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Nikwax becomes ‘Sustaining Member’ of EOCA

Nikwax is proud to be a member of the European Outdoor Conservation Association (EOCA), and our commitment to the cause was further underlined by becoming one of the first ‘Sustaining Members’ at OutDoor in Friedrichshafen, Germany this July.

EOCA is an organisation that uses its membership fees to fund and support environmental causes around the world. 100% of fees from EOCA go towards the support of its projects. In the past 18 months, EOCA has gone through tremendous growth, increasing by 53%, which will be carefully managed so it can be sustained over a long period.

The new Sustaining Members have pledged an extra €10,000 to the association in terms of support per year for the next three years, which is on top of their annual membership fees.

As a result of the new initiative, EOCA will now be able to create a second funding round per year, therefore increasing the money being put back into the environment every year.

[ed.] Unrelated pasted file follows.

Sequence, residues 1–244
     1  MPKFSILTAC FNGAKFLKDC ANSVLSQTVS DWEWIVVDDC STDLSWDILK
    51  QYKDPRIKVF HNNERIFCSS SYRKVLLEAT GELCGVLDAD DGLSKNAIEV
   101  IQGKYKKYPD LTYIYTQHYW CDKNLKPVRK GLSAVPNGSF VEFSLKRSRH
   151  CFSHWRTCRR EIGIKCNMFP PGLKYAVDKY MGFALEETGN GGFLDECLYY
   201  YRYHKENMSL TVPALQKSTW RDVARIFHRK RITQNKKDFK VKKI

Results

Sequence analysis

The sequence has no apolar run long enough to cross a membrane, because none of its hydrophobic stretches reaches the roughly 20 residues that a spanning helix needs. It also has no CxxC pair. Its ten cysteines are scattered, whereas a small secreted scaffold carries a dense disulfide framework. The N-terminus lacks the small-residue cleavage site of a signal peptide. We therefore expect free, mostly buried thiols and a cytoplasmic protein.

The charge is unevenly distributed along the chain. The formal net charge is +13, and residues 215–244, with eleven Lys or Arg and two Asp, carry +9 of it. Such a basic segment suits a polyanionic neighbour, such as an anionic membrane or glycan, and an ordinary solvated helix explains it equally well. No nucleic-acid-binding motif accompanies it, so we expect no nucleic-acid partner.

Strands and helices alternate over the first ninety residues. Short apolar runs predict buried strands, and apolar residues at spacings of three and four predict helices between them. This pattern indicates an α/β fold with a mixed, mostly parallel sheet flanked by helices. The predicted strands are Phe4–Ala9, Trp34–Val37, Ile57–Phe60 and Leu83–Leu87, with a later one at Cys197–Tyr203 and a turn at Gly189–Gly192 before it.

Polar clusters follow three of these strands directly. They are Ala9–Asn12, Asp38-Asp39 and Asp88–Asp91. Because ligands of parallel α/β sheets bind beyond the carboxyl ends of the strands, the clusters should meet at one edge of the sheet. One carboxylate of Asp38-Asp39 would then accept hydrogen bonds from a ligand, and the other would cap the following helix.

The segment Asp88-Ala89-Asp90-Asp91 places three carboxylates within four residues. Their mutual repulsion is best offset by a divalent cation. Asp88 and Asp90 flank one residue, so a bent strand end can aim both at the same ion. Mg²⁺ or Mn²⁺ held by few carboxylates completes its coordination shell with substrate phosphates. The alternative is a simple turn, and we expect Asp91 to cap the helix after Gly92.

Nikwax founder Nick Brown, who is also EOCA Vice President and Advisor, said of Nikwax’s EOCA membership: “Nikwax is involved with EOCA because we believe that conservation is a crucially important part of building a sustainable future for our business and our stakeholders. The Outdoor Industry depends upon the naturally wild environment for its very existence, and so it makes total sense to help conserve it.”

Alongside Nikwax, the other companies to become Sustaining Members were: OutDoor (Messe Friedrichshafen), Pertex, KEEN Footwear, ISPO (Messe München), Patagonia and the European Outdoor Group (EOG).

The declaration was signed at the recent OutDoor international press conference in Friedrichshafen, where Nikwax was also one of the exhibitors with an indoor stand and an outdoor footwear care clinic. Nikwax CEO, Nick Brown, held a press conference at the show to discuss the new Nikwax Fleece and Nikwax Windproof PFC-treatment-free Fabrics, fielding questions from those present on the newest technology on the market.

For more information on the new ‘Sustaining Members’ of EOCA, click here.

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Once famous for Cheese – now famous for Challenges!